"The busy have no time for tears."
"The Cardinal is at his wit's end - it is true that he had not far to go."
"The dead have been awakened - shall I sleep? The world's at war with tyrants - shall I crouch? the harvest's ripe - and shall I pause to reap? I slumber not; the thorn is in my couch; Each day a trumpet soundeth in mine ear, its echo in my heart."
"The dew of compassion is a tear."
"The king-times are fast finishing. There will be blood shed like water, and tears like mist; but the peoples will conquer in the end. I shall not live to see it, but I foresee it."
"The place is very well and quiet and the children only scream in a low voice."
"The poor dog, in life the firmest friend. The first to welcome, foremost to defend."
"The power of Thought, the magic of the Mind!"
"The tenor's voice is spoilt by affectation, And for the bass, the beast can only bellow; In fact, he had no singing education, An ignorant, noteless, timeless, tuneless fellow."
"The way to be immortal (I mean not to die at all) is to have me for your heir. I recommend you to put me in your will and you will see that (as long as I live at least) you will never even catch cold."
"There is a pleasure in the pathless woods, There is a rapture on the lonely shore, There is society, where none intrudes, By the deep Sea, and music in its roarI love not Man the less, but Nature more."
"There is no instinct like that of the heart."
"There is something pagan in me that I cannot shake off. In short, I deny nothing, but doubt everything."
"There is, in fact, no law or government at all [in Italy]; and it is wonderful how well things go on without them."
"There's naught, no doubt, so much the spirit calms as rum and true religion."
"They never fail who die in a great cause."
"This is the patent age of new inventions for killing bodies, and for saving souls. All propagated with the best intentions."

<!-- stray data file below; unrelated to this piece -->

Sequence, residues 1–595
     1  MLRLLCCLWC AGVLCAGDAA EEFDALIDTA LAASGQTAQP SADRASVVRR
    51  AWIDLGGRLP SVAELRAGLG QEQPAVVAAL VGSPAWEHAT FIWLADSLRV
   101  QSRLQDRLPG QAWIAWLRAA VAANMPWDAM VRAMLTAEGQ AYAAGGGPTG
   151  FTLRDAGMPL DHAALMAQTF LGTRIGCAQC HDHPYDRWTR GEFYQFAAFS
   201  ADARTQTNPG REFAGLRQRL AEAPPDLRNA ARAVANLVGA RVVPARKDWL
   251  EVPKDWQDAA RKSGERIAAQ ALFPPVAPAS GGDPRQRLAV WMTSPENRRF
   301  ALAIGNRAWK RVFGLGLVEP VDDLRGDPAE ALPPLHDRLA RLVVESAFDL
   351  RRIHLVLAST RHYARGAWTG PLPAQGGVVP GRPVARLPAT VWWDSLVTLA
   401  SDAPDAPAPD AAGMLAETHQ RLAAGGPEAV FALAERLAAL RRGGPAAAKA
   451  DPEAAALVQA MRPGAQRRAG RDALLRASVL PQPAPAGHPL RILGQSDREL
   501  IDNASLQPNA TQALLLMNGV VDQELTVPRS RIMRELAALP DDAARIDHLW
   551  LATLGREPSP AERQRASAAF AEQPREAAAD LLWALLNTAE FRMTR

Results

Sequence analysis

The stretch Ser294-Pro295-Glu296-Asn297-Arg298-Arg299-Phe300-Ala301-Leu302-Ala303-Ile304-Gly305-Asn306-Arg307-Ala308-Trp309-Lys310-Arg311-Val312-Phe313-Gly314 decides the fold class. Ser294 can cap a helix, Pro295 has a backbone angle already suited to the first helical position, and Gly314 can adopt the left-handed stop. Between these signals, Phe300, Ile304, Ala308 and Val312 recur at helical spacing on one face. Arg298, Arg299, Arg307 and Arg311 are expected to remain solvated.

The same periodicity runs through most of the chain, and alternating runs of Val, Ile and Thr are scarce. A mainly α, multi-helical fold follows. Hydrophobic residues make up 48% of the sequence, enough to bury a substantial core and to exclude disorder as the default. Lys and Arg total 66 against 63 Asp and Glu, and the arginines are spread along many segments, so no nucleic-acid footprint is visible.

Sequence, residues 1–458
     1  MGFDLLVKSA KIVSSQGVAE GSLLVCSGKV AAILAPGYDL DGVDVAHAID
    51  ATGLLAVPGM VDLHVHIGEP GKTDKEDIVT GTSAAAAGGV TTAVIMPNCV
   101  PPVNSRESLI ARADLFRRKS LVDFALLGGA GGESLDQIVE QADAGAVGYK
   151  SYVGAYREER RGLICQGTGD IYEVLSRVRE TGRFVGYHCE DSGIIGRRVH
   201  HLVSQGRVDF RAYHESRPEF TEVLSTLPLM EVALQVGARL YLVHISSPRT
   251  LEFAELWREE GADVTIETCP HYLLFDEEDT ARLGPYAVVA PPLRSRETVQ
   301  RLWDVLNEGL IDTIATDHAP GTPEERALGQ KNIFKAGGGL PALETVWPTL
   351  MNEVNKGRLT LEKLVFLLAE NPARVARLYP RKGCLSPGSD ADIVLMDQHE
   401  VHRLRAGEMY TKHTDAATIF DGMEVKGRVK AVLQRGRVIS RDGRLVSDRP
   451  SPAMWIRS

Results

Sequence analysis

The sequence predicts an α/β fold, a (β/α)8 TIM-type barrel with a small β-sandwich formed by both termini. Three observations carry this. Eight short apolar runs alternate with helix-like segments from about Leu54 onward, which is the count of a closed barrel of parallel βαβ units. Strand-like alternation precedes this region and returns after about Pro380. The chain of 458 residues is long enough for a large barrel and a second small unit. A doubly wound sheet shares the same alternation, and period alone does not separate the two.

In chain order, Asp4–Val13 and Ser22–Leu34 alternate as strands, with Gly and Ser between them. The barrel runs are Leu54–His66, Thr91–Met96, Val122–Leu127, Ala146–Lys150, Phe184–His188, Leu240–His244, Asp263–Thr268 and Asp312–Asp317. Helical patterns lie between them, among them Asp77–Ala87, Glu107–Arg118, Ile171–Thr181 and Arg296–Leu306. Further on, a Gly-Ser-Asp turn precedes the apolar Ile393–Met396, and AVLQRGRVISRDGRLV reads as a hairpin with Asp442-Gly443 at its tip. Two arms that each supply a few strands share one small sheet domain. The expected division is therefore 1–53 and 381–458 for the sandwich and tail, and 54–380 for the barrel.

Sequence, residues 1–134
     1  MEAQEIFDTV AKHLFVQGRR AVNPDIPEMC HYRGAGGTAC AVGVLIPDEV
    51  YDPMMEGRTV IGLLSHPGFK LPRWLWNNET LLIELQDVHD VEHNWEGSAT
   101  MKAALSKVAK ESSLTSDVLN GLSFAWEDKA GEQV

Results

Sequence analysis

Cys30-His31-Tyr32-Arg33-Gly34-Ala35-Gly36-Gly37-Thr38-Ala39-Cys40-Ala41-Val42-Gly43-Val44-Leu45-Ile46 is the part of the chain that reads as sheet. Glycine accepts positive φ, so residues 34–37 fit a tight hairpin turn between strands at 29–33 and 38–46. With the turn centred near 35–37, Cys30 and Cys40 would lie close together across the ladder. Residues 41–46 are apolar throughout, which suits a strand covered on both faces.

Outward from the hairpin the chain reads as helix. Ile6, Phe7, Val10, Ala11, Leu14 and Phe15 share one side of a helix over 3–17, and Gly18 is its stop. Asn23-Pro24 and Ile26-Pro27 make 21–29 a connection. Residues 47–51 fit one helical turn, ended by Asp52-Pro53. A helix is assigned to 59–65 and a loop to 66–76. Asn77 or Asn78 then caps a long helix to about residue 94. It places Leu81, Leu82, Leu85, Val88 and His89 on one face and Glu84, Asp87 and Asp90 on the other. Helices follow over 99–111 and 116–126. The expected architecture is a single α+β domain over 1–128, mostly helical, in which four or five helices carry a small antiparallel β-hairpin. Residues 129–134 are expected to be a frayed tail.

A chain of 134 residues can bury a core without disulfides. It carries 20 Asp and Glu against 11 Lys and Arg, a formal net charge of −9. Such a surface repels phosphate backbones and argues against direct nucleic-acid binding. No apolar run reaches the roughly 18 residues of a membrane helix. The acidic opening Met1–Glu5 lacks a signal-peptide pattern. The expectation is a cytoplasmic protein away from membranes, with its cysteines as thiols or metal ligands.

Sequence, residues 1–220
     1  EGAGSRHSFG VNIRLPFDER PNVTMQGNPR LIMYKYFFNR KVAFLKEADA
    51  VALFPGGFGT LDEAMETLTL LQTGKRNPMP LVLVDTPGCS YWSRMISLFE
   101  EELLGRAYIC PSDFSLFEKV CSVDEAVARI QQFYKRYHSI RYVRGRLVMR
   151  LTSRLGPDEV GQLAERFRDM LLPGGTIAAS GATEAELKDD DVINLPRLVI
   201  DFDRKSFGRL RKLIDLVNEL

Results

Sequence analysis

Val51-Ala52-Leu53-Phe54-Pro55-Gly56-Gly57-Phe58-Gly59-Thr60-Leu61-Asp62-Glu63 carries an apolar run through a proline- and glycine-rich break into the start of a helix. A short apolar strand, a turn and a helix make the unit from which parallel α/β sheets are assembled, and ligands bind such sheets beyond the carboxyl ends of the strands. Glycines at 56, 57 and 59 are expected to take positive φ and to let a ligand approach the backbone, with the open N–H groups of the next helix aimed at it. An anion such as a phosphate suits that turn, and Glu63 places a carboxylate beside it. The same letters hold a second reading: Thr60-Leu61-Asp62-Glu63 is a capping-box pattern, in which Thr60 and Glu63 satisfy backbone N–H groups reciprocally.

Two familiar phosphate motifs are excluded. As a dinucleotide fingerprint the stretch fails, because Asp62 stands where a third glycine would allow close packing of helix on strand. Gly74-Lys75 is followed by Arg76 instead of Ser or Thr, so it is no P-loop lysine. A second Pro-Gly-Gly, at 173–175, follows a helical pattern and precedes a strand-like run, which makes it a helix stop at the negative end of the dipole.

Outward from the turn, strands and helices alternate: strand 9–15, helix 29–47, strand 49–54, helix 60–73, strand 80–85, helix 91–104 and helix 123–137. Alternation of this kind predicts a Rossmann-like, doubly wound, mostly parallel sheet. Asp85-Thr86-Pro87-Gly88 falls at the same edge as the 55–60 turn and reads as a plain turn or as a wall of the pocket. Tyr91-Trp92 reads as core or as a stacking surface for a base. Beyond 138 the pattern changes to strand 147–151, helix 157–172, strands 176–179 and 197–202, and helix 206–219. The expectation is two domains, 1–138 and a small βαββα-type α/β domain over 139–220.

"This man is freed from servile bands, Of hope to rise, or fear to fall; Lord of himself, though not of lands, And leaving nothing, yet hath all."
"This sort of adoration of the real is but a heightening of the beau ideal."
"Those who will not reason, are bigots, those who cannot, are fools, and those who dare not, are slaves."
"Though sages may pour out their wisdom's treasure, there is no sterner moralist than pleasure."
"'Tis pleasant, sure, to see one's name in print. A book's a book, although there's nothing in 't."
"'Tis very certain the desire of life prolongs it."
"To chase the glowing hours with flying feet."
"To have joy one must share it. Happiness was born a twin."
"To withdraw myself from myself has ever been my sole, my entire, my sincere motive in scribbling at all."
"Truth is always strange, stranger than fiction."
"War's a brain spattering windpipe splitting art."
"We are all selfish and I no more trust myself than others with a good motive."
"What a strange thing is the propagation of life! A bubble of seed which may be spilt in a whore's lap, or in the orgasm of a voluptuous dream, might (for aught we know) have formed a Caesar or a Bonaparte - there is nothing remarkable recorded of their sires, that I know of."
"What an antithetical mind! - tenderness, roughness - delicacy, coarseness - sentiment, sensuality - soaring and groveling, dirt and deity - all mixed up in that one compound of inspired clay!"
"What is fame? The advantage of being known by people of whom you yourself know nothing, and for whom you care as little."
"What is the worst of woes that wait on age? What stamps the wrinkle deeper on the brow? To view each loved one blotted from life's page, And be alone on earth, as I am now."
"When one subtracts from life infancy (which is vegetation), sleep, eating and swilling, buttoning and unbuttoning - how much remains of downright existence? The summer of a dormouse."
"When the green woods laugh with the voice of joy, And the dimpling stream runs laughing by; When the air does laugh with our merry wit, And the green hill laughs with the noise of it."
"Where there is mystery, it is generally suspected there must also be evil."
"Who loves, raves."
"Who tracks the steps of glory to the grave?"
"Why did she love him? Curious fool - be still - is human love the growth of human will?"
"Why I came here, I know not; where I shall go it is useless to inquire - in the midst of myriads of the living and the dead worlds, stars, systems, infinity, why should I be anxious about an atom?"
"Yes, love indeed is light from heaven; A spark of that immortal fire with angels shared, by Allah given to lift from earth our low desire."
"Yet, Freedom! yet thy banner, torn, but flying, streams like the thunderstorm against the wind."
"Your letter of excuses has arrived. I receive the letter but do not admit the excuses except in courtesy, as when a man treads on your toes and begs your pardon - the pardon is granted, but the joint aches, especially if there is a corn upon it."